As wireless standards continue to evolve, software-defined ?test systems will continue to evolve with them.

By Luke Schreier, National Instruments

As the proliferation of wireless standards continues, the idea of using software-defined measurement capability has become a necessity as opposed to a matter of

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Figure 1. The link timing requirements (T1, T2, T3, and T4) for RFID tags force decision making to occur in the hardware rather than the host.
preference. The days of purchasing a new box to test a new standard are simply behind us, especially as multiple standards make their way onto the same devices. The latest Apple iPhone is one example – UMTS/HSDPA, GSM/EDGE, 802.11b/g, Bluetooth 2.0, GPS and multiple non-RF audio and video formats are all combined into one cost-sensitive device.

Thankfully, the core set of measurements required to test each of these standards is similar. As an example, error vector magnitude (EVM) measurements are a part of the EDGE, WCDMA, WiMAX, Wi-Fi, ZigBee and Bluetooth standards with varying degrees of accuracy necessary to be compliant. So, it’s possible to have a set of tools, often a vector signal generator and vector signal analyzer, that can cover the measurements across most of the standards. The key then becomes having the right software to take advantage of the hardware. This is the concept of virtual instrumentation, where the software defines the capability of the equipment to test for a standard. This concept is visible in many different boxes or modular instruments where separate software packages are available for different standards with the same hardware.

But, what happens when the computational power of the software alone does not meet the test requirements? Some applications do not allow for the latency involved in moving data from an instrument across a shared bus to a microprocessor and then back to the instrument. And even with high-bandwidth buses like PCI Express and multiple processing cores on the latest PCs, the sheer amount of data involved in RF applications can be overwhelming. For this reason, many virtual instruments are now offering the ability to take standard-specific code or measurement capability and deploy it onto user-programmable FPGAs inside the instrument for signal processing, data reduction, coprocessing or digital upconversion/downconversion. This article examines several applications for this technology using off-the-shelf instrumentation and graphical programming with the NI LabVIEW FPGA Module.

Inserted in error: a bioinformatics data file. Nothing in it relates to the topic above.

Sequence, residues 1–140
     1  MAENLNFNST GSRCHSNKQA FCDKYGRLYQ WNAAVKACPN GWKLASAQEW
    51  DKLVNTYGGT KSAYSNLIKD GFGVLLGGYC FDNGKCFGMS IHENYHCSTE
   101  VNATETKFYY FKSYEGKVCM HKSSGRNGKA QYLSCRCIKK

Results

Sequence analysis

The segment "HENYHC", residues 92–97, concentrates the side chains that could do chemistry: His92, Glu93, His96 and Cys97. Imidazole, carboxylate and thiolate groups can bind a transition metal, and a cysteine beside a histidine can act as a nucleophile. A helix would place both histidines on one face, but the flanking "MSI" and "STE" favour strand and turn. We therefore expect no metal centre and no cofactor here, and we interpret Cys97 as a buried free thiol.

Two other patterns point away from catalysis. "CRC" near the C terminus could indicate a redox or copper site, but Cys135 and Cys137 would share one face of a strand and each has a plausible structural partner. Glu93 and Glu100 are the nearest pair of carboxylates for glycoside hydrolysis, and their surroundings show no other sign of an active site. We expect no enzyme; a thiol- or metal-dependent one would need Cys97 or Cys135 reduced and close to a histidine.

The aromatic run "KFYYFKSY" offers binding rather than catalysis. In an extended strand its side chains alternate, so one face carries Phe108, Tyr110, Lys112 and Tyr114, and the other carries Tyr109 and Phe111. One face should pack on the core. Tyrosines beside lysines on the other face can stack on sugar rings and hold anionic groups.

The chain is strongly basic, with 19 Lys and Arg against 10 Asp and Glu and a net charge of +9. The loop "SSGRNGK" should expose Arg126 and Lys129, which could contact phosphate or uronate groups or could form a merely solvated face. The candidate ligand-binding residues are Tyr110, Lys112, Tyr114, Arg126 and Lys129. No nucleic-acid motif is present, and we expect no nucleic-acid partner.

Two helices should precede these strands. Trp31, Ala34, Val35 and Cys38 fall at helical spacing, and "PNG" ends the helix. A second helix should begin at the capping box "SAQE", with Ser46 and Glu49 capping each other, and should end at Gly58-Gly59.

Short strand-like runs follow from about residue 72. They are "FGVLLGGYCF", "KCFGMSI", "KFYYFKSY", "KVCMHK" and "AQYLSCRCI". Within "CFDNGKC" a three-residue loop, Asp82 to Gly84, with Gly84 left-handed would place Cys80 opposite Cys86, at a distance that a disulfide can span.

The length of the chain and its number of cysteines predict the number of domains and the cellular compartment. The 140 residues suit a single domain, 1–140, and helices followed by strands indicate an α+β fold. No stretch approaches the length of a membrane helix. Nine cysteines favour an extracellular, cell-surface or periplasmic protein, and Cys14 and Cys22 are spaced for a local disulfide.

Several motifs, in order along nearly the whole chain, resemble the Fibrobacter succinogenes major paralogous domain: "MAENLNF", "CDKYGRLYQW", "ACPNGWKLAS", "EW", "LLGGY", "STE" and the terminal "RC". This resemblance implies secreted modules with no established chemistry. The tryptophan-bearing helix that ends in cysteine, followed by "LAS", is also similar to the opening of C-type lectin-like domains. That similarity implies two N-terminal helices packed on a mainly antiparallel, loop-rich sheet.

Data Reduction through Digital Upconversion
One of the most useful applications for a user-programmable FPGA is on an instrument reducing the amount of data that must be sent to or from the host, thereby freeing up the communications bus for other data transfers while reducing the burden on the CPU. In the case of RF, the amount of data alone can be more than the bus or onboard memory can handle, so reducing it in some way is the only option. For instance, generating an RF signal with only 100 kHz of bandwidth still requires you to digitally upconvert the 100 kHz signal to an IF (say, for example, 25 MHz) before you can further upconvert it to the desired radio frequency. This process is called digital upconversion (DUC). For 16-bit data, performing DUC on the host processor for the 25 MHz IF requires you to transfer more than 100 MS/s of data to the vector signal generator. Even with several hundred megabytes of onboard memory on the instrument, the playback time would be very limited for most wireless standards.

One method of data reduction for that situation would be moving the DUC computation to the instrument’s FPGA. For example, the NI PXIe-5442 16-bit, 100 MS/s arbitrary waveform

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Figure 2. This LabVIEW FPGA code demonstrates acquiring data and sending it to a coprocessor for spectral analysis. The top section is the acquisition from one device, and the bottom section is the coprocessing performed on another device.
generator quadrature DUC capability takes I and Q complex waveform data, and, through onboard signal processing in the FPGA, interpolates the baseband signal and upconverts the data to a carrier frequency of up to 43 MHz with 40 MHz of real-time bandwidth. Performing this processing in hardware rather than software results in dramatically faster waveform computation and smaller sizes, saving waveform download time and providing longer playback time (through more efficient use of onboard memory). This improves the statistical significance of many measurements and visualizations, such as bit error rate, trellis plots and constellation plots. Table 1 illustrates some of the common communications applications and the waveform playtimes possible from the PXIe-5442, allowing for large PN sequence signal generation for enhanced bit error rate test (BERT) of receivers.